How to Read an Equifax Credit Report

The Fair Credit Reporting Act (FCRA) requires each of the Nationwide Consumer Reporting organizations (Equifax, TransUnion and Experian) to provide you with one free credit report every 12 months per your request. This means that you are entitled to three free credit reports per year, if you deem it necessary. You can stagger the requests or order all of them at the same time.

Each of the National Consumer Credit Reporting bureaus have a unique credit report format, but in essence they provide you with the same information. When you receive your free Equifax credit report use the following guidelines to read your report:

Personal Information

This section will detail your personal information: Name, Social Security Number (SSN), date of birth, any former names, death notice information, current address, previous addresses, any other identification numbers that you may have, current employer and previous employers.

You will also find information about any fraud alerts that you may have against your credit report.

Account Information Summary

You’ll find a list of all your accounts here. Additional information will include account type, account number, date account was opened, account balance, any past due amount, account status and credit limit.


Any inquiries against your credit file will be listed in this section. This section is divided into two subcategories: (a) Inquiries that display to companies and may impact your credit score. (b) Inquiries that do not display to companies and do not impact your credit score.

“Inquiries that display to companies and may impact your credit score”
These are inquiries by potential creditors who are assessing whether to extend you a line of credit or not. Your credit score will be minimally affected and therefore these inquiries should not be of major concern, unless there are some red flags. The name of the company that requested the information and the date they requested it will be listed.

“Inquiries that do not display to companies and do not impact your credit score”
Unlike the previous inquiries – these do not “hurt” your credit score. They include inquiries for pre-approved credit lines, insurance, or account reviews by existing creditors. The name of the company that requested the information, the date they requested it and the type of inquiry will be listed.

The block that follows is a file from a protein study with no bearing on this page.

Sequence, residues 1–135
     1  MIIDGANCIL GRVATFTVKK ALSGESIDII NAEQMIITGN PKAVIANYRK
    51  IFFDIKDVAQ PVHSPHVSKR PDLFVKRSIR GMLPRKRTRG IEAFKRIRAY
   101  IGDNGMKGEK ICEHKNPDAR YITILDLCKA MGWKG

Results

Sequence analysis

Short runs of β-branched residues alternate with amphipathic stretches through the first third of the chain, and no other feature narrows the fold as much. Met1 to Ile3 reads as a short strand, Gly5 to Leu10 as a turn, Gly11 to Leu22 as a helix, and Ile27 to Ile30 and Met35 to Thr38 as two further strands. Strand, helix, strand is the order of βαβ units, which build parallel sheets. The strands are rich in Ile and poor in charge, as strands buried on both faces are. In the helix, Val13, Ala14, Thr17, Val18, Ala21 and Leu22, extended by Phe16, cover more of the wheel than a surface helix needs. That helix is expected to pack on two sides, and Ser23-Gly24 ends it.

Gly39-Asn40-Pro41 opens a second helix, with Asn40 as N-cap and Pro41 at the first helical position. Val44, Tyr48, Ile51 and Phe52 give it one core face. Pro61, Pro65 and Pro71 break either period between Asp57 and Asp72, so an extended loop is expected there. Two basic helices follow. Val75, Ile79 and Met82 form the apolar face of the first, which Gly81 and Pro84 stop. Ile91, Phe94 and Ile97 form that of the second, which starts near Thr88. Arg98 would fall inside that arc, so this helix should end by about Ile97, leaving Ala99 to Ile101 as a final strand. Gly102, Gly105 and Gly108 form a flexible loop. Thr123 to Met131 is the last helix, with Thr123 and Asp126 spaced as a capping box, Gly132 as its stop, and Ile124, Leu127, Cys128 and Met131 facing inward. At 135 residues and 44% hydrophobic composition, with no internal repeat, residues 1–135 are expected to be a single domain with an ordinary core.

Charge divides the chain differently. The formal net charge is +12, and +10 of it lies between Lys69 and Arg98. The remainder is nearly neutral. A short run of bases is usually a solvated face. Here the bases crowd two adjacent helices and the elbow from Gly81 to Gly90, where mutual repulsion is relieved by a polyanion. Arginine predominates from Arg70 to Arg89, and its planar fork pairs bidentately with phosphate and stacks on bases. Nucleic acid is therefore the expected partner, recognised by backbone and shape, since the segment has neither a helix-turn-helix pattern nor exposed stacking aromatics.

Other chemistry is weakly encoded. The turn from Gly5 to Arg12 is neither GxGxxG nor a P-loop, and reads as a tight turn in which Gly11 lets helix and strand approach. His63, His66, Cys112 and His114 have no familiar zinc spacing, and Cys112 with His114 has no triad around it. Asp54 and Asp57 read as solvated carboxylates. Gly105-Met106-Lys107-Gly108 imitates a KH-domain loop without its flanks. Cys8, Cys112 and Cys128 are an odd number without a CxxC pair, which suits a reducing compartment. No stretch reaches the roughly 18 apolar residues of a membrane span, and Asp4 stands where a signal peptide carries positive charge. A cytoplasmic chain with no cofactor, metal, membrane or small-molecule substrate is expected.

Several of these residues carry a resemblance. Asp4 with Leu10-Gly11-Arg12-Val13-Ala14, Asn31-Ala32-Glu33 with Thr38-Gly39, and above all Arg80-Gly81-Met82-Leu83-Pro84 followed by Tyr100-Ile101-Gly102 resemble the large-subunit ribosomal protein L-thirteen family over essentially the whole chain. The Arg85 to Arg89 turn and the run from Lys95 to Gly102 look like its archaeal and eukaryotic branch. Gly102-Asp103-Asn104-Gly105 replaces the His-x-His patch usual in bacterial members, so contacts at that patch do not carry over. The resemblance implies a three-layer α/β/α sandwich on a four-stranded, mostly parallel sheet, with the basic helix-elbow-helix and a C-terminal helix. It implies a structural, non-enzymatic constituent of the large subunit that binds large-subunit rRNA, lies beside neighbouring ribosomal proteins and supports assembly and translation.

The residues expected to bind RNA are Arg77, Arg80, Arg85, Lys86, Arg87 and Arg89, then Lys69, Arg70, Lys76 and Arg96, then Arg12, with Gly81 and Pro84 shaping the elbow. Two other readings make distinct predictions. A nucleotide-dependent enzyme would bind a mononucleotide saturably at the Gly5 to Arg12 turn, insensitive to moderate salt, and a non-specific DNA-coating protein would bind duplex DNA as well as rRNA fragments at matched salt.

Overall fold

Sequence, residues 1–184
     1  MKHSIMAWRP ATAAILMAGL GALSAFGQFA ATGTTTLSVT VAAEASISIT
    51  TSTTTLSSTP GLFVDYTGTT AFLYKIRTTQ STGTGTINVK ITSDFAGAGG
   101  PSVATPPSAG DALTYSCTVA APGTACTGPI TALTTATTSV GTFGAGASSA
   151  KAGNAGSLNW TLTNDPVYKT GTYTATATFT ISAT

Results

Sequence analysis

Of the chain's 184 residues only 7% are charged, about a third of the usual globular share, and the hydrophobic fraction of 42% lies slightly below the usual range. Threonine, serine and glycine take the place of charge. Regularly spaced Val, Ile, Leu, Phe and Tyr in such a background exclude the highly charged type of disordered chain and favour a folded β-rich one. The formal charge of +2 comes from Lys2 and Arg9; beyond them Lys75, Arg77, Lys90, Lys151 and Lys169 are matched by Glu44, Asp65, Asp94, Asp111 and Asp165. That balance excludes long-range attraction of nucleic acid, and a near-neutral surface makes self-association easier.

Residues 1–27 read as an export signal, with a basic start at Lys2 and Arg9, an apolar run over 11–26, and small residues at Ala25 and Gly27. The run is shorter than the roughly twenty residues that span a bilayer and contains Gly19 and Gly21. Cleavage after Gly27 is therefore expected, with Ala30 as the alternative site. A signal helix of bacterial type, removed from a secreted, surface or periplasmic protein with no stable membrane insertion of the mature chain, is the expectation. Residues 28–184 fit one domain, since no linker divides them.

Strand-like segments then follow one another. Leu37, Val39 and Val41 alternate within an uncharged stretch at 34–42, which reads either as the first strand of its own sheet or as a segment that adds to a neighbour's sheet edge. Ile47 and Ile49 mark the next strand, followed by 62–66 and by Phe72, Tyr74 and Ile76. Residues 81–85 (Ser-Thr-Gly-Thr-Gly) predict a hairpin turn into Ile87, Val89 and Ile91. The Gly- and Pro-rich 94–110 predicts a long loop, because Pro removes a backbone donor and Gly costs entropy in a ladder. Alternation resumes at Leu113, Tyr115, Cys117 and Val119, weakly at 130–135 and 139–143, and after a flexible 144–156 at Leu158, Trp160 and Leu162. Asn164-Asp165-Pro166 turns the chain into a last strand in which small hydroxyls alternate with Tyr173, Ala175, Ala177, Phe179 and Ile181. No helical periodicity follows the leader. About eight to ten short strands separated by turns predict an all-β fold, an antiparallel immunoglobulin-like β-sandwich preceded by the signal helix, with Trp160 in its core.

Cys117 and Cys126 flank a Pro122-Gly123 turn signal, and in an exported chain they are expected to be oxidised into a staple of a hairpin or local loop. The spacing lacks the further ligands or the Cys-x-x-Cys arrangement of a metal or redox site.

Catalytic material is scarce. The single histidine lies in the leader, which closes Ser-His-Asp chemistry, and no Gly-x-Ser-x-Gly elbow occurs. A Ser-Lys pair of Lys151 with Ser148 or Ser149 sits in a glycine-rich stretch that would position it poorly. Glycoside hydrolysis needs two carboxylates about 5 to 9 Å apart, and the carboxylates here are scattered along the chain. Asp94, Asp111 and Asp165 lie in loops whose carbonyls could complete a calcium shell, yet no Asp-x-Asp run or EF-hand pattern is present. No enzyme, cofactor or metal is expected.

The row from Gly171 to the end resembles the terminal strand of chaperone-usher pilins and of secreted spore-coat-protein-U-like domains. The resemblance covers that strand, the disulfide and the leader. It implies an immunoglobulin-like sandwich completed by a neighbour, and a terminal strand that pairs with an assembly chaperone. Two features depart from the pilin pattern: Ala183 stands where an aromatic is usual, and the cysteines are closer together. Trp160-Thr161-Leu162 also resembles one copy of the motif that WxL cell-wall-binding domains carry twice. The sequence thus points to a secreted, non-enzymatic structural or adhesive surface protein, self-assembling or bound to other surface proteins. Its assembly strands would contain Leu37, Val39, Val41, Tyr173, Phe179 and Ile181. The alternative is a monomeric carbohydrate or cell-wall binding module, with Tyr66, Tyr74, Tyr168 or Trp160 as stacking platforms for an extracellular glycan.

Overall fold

Any accounts that have gone to collections will be listed here along with the name of the creditor, date reported, creditor type, your account number, original amount, dates of delinquency, outstanding balance and status information.

Public Records

Bankruptcies, liens or judgments information from federal, state or county court records will be listed here. Each public record will indicate the type of record, case number, amount in default and any relevant information associated with that particular case.

You may also find the following credit report terms helpful:

  • CURR ACCT – Account is current in payments and in good standing.
  • CUR WAS 30-2 – Account is current was 30 days late twice.
  • PAID – Account has been paid off and has a $0 balance and is inactive.
  • CHARGEOFF – Unpaid balance on account was reported as a loss by creditor and the creditor is no longer seeking reimbursement.
  • COLLECT – Account is severely delinquent and assigned to collections.
  • FORECLOS – Property was foreclosed.
  • BKLIQREQ – Debt was forgiven due to Chapter 7, 11 or 13.
  • DELINQ 60 – Account is 60 days delinquent.
  • INACTIVE – Account is inactive.

    Sample Equifax Credit Report Equifax credit report